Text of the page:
Domesticity And Masculinity In 1950s British Painting

Salter, Gregory (2013) Domesticity And Masculinity In 1950s British Painting. Doctoral thesis, University of East Anglia.

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Abstract

This thesis examines how men experienced domesticity in the 1950s in Britain and analyses the role that artistic representations play in the expression and formulation of this masculine selfhood in this context. It considers domesticity at this historical moment as an inherently flexible concept: one that takes in the private spaces of the home as well as more public realms and aspects beyond it, and includes a variety of relationships, both familial and non-familial. At the same time, it highlights the social structures surrounding domesticity in Britain at this time – exemplified by the policies and aims of the welfare state and post-war reconstruction, and their reflection in institutions and social beliefs – particularly their assumptions about specific gender roles, particularly in relation to masculinity, in the context of the family, sexuality and work. As a result, my thesis examines how four male artists operated in this context – as individuals negotiating particular identifications of masculine selfhood within their own private and unstable conceptions of domesticity, in relation to, and sometimes at odds with, the public social structures in Britain around them. It focuses on the art of four male artists working in Britain in the immediate post-war period: John Bratby, Francis Bacon, Keith Vaughan and Victor Pasmore. By placing their work in a wide social and cultural context, including social history, sociology, psychoanalysis, literature, and the popular press, this thesis significantly expands the academic work on modern art in Britain after the Second World War. Furthermore, it begins to interrogate and expand on the relationship between art, domesticity, selfhood, and, more broadly, everyday life. By focusing on the ways in which art and life interact in the work of these artists, it argues that artistic representations, for these artists at this historical moment, serve as ways to negotiate the unstable and seemingly impossible task of selfhood, within the expansive, fluctuating realms of domesticity.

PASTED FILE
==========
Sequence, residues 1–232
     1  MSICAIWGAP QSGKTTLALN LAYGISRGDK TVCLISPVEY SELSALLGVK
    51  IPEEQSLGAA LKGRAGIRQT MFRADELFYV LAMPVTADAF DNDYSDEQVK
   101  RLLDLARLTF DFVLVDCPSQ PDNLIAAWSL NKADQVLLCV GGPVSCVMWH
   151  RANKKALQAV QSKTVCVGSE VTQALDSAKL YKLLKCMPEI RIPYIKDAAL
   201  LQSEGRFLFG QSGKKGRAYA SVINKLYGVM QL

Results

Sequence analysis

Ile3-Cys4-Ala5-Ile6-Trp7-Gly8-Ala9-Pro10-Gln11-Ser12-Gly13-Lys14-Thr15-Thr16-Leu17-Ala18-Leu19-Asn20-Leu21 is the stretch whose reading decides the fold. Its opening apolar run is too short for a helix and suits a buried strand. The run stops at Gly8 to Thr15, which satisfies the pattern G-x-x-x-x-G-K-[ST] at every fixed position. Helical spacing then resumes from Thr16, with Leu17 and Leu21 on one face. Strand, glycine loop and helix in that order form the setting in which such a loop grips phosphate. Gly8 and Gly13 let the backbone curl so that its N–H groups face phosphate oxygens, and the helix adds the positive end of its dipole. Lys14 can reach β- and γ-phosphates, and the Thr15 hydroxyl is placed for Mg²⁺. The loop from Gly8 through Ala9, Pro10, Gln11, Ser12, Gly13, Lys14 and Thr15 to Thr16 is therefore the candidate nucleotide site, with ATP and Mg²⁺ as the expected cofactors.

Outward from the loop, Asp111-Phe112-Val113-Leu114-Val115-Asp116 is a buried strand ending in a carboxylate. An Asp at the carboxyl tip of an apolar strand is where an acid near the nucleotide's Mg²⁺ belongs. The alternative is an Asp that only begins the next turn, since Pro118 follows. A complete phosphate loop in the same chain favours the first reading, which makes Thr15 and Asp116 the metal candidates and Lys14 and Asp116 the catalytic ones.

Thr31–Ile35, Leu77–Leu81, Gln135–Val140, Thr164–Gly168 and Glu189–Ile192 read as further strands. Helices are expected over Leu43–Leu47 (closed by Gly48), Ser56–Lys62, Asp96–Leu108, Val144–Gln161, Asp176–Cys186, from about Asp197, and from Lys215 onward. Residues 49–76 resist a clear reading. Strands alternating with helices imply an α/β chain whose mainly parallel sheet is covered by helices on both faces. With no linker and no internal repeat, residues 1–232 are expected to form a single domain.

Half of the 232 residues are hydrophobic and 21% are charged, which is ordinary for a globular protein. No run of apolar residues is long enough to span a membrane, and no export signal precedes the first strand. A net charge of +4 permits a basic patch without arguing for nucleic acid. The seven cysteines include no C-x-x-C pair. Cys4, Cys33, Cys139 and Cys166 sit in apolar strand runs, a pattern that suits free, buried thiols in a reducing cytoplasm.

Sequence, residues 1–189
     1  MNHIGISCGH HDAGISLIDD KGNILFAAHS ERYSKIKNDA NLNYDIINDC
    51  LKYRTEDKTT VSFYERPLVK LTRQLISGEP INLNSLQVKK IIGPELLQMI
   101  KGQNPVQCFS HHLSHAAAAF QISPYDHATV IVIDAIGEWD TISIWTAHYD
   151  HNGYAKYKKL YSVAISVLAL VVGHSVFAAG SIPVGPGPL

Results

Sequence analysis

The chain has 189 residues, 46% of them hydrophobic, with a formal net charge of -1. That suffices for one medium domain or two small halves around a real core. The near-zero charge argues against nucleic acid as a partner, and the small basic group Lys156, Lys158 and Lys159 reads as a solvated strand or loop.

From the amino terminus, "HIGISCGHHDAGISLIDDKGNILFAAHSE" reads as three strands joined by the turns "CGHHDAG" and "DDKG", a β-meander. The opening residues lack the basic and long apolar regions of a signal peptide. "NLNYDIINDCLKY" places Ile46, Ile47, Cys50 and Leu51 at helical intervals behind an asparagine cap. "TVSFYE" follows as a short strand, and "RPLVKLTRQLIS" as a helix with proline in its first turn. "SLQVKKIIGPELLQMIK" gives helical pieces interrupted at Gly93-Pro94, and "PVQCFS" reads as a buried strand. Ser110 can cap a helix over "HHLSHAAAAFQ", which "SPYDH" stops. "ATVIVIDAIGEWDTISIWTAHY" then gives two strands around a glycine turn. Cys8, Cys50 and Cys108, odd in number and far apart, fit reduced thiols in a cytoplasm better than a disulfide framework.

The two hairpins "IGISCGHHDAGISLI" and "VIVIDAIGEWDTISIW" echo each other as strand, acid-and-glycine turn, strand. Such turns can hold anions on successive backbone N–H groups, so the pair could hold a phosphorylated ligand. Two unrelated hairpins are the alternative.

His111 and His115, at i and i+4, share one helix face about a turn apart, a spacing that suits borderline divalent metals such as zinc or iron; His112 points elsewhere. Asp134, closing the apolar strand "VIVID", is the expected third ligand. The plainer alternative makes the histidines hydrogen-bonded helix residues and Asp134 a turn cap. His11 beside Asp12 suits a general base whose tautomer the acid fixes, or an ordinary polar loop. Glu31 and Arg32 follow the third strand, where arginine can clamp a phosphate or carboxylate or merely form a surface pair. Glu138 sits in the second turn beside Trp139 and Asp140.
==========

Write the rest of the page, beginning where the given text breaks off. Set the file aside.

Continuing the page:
Item Type: Thesis (Doctoral)
Faculty \ School: Faculty of Arts and Humanities > School of Art History and World Art Studies
Depositing User: Mia Reeves
Date Deposited: 12 Mar 2014 09:53
Last Modified: 31 Aug 2016 08:32
URI: https://ueaeprints.uea.ac.uk/id/eprint/48105
DOI:

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